pv magazine: In Conversation with Industry Insiders at The smarter E

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July 1, 2024
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3 min read
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Major international industry events are an opportunity to meet with solar experts who have insights into different parts across the solar value chain.

With prices for PV panels continuing to remain low and vast overproduction in the manufacturing segment, from polysilicon through to wafer, cell and module, the implications of this difficult time for solar producers was a major topic of discussion at The smarter E Europe in Munich earlier this month. 

I was given the opportunity to record four video interviews for pv magazine global at the event to discuss price dynamics and how they are impacting manufacturers. And the four solar industry insiders I spoke to each brought very different perspectives. 

Via pv magazine global.
"Back contact can be the ultimate solution for single junction cells."

Dennis She, Senior VP of Global Sales and Marketing - Longi Solar
From the standpoint of the manufacturers, Dennis She from Longi Solar was keen to emphasize how the company is continuing to invest in R&D and roll out new, high efficiency products, as a way to differentiate and capture higher prices. 

She said that back-contact technology can be “commercialized at low cost,” making it a good fit for the current market conditions. Longi is currently adding 15 GW of back-contact manufacturing capacity, with plans to expand that to 40 GW by 2025 – including what She described as the “next generation of ‘BC’ technology".

Via pv magazine global.
"It is interesting that at the most difficult time, you will see the most variety of technology offerings in this market."

Helena Li, Executive President - Trina Solar
Helena Li also spoke of Trina’s long track record of pioneering n-type technology, including TOPCon – which is now the predominate cell format in mass production. She also noted that despite the intense competition on price that there is a large variety of cell technologies being pursued by Trina. 

“It is interesting to see that at the most difficult time, you will see the most variety of technology offerings in this market,” said Li.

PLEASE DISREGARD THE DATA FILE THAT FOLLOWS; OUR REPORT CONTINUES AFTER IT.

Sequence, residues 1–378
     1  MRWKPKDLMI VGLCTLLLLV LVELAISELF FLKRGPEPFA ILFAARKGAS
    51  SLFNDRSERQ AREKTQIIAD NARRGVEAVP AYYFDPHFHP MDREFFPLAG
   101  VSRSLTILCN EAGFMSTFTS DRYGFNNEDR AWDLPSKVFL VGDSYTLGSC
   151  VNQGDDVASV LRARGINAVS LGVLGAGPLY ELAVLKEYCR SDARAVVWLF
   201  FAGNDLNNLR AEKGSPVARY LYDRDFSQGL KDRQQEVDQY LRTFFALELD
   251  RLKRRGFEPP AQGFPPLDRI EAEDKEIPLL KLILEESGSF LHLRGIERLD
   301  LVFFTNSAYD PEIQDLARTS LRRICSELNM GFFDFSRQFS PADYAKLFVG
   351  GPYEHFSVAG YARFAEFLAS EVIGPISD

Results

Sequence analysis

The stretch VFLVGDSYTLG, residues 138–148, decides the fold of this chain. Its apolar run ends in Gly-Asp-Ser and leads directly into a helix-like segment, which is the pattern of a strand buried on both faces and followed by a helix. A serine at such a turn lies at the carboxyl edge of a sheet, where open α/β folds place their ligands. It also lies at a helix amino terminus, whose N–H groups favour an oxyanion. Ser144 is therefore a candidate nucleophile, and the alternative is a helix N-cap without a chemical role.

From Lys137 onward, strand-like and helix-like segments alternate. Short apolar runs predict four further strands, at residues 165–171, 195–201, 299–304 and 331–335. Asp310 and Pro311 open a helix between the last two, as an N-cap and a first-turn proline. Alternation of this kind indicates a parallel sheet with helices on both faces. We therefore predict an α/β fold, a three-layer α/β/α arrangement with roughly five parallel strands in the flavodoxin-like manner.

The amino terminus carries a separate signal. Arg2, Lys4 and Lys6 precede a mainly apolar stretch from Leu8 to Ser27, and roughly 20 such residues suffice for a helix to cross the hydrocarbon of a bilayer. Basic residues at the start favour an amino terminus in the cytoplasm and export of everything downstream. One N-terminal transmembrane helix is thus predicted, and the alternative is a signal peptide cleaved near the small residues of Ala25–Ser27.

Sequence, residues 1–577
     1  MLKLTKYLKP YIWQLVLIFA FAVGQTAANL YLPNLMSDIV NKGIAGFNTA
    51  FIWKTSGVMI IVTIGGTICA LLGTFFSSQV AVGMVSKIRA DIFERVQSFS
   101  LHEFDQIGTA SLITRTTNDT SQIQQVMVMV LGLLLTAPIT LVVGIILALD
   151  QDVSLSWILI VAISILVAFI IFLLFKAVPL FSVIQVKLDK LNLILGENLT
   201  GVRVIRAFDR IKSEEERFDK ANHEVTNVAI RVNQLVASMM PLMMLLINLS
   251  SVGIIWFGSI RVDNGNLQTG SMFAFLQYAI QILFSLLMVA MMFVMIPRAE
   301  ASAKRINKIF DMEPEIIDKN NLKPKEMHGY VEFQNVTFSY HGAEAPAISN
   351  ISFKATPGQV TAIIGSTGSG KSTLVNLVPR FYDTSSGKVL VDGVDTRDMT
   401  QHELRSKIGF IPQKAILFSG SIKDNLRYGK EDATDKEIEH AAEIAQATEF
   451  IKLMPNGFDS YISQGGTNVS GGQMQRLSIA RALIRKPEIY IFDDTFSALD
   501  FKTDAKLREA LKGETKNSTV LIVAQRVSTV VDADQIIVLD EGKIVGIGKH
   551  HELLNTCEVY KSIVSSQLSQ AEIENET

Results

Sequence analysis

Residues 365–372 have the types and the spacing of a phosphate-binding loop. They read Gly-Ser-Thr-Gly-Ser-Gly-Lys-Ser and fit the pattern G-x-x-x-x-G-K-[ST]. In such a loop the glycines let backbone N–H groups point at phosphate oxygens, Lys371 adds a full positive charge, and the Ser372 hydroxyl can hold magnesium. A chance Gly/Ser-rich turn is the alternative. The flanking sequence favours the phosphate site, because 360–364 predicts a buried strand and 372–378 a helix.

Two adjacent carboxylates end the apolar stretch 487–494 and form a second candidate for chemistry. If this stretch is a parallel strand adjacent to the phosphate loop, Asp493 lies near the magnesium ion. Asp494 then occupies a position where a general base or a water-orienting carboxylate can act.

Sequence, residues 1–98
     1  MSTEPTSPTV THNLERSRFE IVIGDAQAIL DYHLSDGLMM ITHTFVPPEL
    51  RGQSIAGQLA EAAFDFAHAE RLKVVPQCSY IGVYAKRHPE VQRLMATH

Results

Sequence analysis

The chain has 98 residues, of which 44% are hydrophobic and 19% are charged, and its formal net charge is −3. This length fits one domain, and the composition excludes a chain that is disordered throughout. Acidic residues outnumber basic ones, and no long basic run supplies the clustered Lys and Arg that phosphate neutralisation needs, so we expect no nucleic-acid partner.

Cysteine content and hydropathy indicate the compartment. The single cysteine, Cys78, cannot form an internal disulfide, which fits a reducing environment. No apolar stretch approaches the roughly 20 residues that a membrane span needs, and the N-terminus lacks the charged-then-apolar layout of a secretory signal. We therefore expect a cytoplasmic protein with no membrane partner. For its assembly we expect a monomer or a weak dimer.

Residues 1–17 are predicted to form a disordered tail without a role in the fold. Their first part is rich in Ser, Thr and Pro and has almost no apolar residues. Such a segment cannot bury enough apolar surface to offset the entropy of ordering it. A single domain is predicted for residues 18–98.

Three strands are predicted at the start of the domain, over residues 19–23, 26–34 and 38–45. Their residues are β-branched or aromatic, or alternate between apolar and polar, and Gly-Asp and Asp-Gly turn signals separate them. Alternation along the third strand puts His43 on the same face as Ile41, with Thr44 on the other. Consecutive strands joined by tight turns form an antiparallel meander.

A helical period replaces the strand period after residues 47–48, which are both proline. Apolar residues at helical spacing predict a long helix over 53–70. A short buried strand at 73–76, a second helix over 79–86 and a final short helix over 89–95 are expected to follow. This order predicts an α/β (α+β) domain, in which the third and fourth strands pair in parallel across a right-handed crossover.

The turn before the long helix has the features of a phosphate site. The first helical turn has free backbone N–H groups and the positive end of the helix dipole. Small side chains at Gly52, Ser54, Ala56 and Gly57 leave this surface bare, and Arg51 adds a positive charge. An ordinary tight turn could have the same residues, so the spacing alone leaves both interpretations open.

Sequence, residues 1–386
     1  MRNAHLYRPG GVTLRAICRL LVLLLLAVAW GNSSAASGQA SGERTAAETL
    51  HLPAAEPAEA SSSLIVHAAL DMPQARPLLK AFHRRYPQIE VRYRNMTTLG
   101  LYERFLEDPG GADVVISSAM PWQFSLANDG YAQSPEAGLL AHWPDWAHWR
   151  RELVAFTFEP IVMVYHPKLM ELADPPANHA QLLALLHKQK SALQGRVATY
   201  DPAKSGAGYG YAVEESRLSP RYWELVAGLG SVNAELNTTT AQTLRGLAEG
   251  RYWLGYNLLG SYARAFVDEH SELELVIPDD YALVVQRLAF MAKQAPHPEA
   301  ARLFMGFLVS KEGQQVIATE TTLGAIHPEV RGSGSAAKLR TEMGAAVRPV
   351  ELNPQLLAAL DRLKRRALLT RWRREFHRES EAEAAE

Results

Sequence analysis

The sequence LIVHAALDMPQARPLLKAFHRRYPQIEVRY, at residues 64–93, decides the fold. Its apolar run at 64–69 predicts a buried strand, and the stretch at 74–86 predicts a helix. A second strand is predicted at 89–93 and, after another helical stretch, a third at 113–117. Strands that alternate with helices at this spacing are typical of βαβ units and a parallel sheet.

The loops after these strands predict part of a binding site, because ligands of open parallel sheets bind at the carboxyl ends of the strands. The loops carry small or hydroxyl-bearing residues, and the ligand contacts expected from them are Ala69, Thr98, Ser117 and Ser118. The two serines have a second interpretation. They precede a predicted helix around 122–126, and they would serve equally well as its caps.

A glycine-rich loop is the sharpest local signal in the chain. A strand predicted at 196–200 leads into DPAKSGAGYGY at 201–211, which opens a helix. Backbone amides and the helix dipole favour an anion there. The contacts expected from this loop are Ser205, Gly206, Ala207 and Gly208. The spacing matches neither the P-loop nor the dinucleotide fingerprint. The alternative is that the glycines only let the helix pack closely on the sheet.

Via pv magazine global.
"The polysilicon price has never been below $5/kg, and basically that is below the cost of production for a lot of these companies."

Jenny Chase, Senior Analyst - BloombergNEF
Longi and Trina are both industry giants, and they likely have sufficient financial resources to survive this period of rock-bottom pricing. However, some will not. Jenny Chase, a Senior Analyst with BloombergNEF said that consolidation in the current market conditions is inevitable. 

Chase laid the extent of the overcapacity bare in Munich, saying that BloombergNEF believes there is enough polysilicon “to easily make 1.1 TW of solar modules this year.” In terms of installations, the analysts expect 580 GW – making a huge delta between production and installations.

Via pv magazine global.
"Now we’re seeing the downwards price pressure really spread across both upstream and downstream.”

Karen Tang, Editorial Director, Europe - OPIS
So, when will there be a return to balance between solar supply and demand and a return to more profitable prices? It’s the billion-dollar question, and one to few had an answer. 

Karen Tang from energy price benchmarking service OPIS said that the end to low prices is not yet in sight, and that low prices have spread throughout the solar value chain.

“There’s still some pain to go through and we’re not over the worst of it yet,” said Tang. “In the race to the bottom they [solar manufacturers] are all selling below their cost price, which is a very unhealthy situation for the industry to be in.”

There is no doubt that the market conditions for solar manufacturers are extremely difficult. But the industry has been here before and the strongest and most innovative companies survive. I hope to be speaking with some of them again next year at The smarter E Europe 2025.

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